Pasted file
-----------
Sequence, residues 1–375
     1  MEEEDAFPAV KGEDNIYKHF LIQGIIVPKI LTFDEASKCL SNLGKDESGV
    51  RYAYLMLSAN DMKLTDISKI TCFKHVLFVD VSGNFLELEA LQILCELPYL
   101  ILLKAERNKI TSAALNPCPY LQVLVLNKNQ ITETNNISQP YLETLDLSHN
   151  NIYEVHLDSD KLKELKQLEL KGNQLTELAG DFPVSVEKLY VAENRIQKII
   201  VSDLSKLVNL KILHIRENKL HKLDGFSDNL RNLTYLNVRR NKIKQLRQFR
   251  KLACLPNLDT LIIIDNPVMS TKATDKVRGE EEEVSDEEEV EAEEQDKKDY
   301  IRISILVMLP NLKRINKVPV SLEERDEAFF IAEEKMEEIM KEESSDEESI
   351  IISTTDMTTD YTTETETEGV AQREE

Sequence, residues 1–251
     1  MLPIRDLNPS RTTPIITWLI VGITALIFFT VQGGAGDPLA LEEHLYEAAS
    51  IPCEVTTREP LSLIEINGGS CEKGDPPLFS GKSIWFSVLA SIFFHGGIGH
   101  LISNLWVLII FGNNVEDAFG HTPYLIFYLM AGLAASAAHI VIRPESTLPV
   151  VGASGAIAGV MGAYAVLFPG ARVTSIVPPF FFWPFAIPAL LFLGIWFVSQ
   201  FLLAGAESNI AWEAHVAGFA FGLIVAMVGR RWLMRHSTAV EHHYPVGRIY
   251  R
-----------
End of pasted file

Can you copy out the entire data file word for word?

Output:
Sequence, residues 1–375
     1  MEEEDAFPAV KGEDNIYKHF LIQGIIVPKI LTFDEASKCL SNLGKDESGV
    51  RYAYLMLSAN DMKLTDISKI TCFKHVLFVD VSGNFLELEA LQILCELPYL
   101  ILLKAERNKI TSAALNPCPY LQVLVLNKNQ ITETNNISQP YLETLDLSHN
   151  NIYEVHLDSD KLKELKQLEL KGNQLTELAG DFPVSVEKLY VAENRIQKII
   201  VSDLSKLVNL KILHIRENKL HKLDGFSDNL RNLTYLNVRR NKIKQLRQFR
   251  KLACLPNLDT LIIIDNPVMS TKATDKVRGE EEEVSDEEEV EAEEQDKKDY
   301  IRISILVMLP NLKRINKVPV SLEERDEAFF IAEEKMEEIM KEESSDEESI
   351  IISTTDMTTD YTTETETEGV AQREE

Sequence, residues 1–251
     1  MLPIRDLNPS RTTPIITWLI VGITALIFFT VQGGAGDPLA LEEHLYEAAS
    51  IPCEVTTREP LSLIEINGGS CEKGDPPLFS GKSIWFSVLA SIFFHGGIGH
   101  LISNLWVLII FGNNVEDAFG HTPYLIFYLM AGLAASAAHI VIRPESTLPV
   151  VGASGAIAGV MGAYAVLFPG ARVTSIVPPF FFWPFAIPAL LFLGIWFVSQ
   201  FLLAGAESNI AWEAHVAGFA FGLIVAMVGR RWLMRHSTAV EHHYPVGRIY
   251  R